Iraq: what lies ahead? As many Iraqi people struggle for survival, world leaders shape plans for their future. (News Special).Since March 19, when U.S.-led forces began a war against Saddam Hussein's regime, Iraqi civilians have had to contend with bombings and bloodshed blood·shed
The shedding of blood, especially the injury or killing of people.
Noun 1. . For many, the war is simply more misery that the world has rained down on their country. But many others have held out hope that the presence of coalition forces (U.S. and British troops and their allies) will mean freedom from a repressive government.
One New York New York, state, United States
New York, Middle Atlantic state of the United States. It is bordered by Vermont, Massachusetts, Connecticut, and the Atlantic Ocean (E), New Jersey and Pennsylvania (S), Lakes Erie and Ontario and the Canadian province of Times reporter, traveling with the 101st U.S. Army Airborne Division, wrote of an encounter outside Baghdad with an Iraqi child.
The boy, about 6 or 7, approached the reporter and said the two words that were uttered over and over: 'America. Good.' Then he kissed the reporter on the cheek, shook his hand and pointed to the sky, pleading for water."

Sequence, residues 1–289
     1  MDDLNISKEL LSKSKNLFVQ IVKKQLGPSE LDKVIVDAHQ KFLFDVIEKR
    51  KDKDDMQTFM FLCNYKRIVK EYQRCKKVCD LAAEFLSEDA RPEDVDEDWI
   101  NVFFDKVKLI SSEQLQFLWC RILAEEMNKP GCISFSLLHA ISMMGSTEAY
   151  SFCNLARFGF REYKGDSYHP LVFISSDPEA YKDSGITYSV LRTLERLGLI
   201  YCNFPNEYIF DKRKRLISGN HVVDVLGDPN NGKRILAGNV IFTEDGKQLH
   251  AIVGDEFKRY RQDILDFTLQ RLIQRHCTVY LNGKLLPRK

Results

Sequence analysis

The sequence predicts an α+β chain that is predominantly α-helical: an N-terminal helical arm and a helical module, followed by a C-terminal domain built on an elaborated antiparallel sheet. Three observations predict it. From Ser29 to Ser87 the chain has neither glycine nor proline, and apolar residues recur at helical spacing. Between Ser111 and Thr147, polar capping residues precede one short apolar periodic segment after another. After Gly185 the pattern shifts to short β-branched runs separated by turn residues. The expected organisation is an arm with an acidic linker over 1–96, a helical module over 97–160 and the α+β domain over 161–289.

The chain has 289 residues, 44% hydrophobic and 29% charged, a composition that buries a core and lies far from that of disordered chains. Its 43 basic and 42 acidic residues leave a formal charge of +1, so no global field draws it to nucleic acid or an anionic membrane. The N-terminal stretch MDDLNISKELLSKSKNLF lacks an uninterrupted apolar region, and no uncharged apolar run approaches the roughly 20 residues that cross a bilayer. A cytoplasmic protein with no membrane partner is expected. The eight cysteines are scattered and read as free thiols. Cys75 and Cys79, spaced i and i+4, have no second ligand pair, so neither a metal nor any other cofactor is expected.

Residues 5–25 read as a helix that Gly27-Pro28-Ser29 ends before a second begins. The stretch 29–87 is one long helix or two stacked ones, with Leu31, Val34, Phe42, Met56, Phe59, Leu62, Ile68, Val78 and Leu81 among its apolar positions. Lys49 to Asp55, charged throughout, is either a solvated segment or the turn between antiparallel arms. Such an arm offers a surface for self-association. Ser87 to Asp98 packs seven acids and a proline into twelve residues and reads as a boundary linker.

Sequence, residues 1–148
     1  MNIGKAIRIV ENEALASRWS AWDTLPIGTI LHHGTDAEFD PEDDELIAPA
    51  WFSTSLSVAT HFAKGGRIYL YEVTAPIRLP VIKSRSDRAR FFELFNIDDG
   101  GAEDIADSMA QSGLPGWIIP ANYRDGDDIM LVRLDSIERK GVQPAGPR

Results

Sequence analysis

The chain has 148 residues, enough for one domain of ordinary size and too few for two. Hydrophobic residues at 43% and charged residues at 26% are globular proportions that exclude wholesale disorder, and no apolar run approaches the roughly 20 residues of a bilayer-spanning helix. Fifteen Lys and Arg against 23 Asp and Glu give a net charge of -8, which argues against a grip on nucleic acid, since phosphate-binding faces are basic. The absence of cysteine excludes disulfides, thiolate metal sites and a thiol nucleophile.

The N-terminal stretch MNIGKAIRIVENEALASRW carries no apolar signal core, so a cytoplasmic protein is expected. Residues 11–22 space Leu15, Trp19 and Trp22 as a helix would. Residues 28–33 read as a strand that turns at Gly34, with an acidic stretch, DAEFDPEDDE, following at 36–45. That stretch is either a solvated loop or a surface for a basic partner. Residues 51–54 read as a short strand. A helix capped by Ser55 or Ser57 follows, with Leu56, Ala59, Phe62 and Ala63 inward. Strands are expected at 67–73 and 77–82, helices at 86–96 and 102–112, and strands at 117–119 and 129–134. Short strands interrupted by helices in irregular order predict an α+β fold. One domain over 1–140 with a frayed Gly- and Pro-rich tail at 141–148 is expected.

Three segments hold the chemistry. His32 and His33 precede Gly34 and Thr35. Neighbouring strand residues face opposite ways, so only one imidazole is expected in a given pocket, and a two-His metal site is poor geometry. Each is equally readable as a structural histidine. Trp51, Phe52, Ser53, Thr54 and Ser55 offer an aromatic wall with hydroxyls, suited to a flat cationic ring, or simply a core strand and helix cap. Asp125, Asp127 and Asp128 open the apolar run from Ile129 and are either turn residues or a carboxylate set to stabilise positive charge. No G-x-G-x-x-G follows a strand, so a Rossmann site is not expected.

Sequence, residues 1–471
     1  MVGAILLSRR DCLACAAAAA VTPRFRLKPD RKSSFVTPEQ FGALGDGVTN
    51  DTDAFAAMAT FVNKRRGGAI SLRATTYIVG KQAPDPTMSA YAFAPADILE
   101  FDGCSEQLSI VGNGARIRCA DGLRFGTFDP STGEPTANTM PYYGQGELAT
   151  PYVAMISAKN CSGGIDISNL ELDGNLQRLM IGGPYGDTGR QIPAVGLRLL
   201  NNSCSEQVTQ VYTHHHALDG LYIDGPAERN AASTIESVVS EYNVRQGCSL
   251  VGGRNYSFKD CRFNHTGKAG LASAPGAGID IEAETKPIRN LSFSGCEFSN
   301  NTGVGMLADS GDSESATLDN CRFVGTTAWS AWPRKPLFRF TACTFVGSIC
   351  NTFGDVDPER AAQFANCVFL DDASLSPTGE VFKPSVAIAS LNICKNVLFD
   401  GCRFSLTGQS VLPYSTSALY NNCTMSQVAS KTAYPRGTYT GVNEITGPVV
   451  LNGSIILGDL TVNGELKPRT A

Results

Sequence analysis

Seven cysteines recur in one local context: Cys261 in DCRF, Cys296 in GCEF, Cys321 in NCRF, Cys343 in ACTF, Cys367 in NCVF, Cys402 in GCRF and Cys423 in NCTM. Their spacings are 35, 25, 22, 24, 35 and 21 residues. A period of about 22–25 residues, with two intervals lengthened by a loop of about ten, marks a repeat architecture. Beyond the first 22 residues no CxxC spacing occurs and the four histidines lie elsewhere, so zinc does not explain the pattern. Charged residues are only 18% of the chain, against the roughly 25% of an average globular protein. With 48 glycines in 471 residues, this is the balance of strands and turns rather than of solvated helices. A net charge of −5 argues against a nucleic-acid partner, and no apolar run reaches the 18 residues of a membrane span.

A Humanitarian Crisis A humanitarian crisis (or "humanitarian disaster") is an event or series of events which represents a critical threat to the health, safety, security or wellbeing of a community or other large group of people, usually over a wide area.
For more than a week, the boy's town, Najaf, had been without water. Fierce battles there and elsewhere kept the United Nations (UN), Red Cross, and other relief organizations from distributing aid.
"What concerns us most," said a Red Cross official, "are the threats to [the] safety and health of civilians. The two things are closely linked."
Iraqis have already suffered for years because of a UN trade embargo. Meant to punish Hussein's regime, the embargo has reduced the amount of food and medicine available to the Iraqi people.
Prisoners of War prisoners of war, in international law, persons captured by a belligerent while fighting in the military. International law includes rules on the treatment of prisoners of war but extends protection only to combatants.
While working to distribute essential supplies to Iraqi civilians, the Red Cross has also visited Iraqi prisoners of war (POWs) held by coalition forces. However, despite negotiations with Iraqi authorities, the Red Cross has had trouble gaining access to coalition soldiers captured by Iraq.
The 1949 Geneva Convention Geneva Convention Declaration of Geneva Global village A standard established in 1864 regarding the conduct of the military towards medical personnel, and obligations of medical personnel during acts of war. authorizes the Red Cross to visit POWs and monitor their treatment. According to according to
1. As stated or indicated by; on the authority of: according to historians.
2. In keeping with: according to instructions.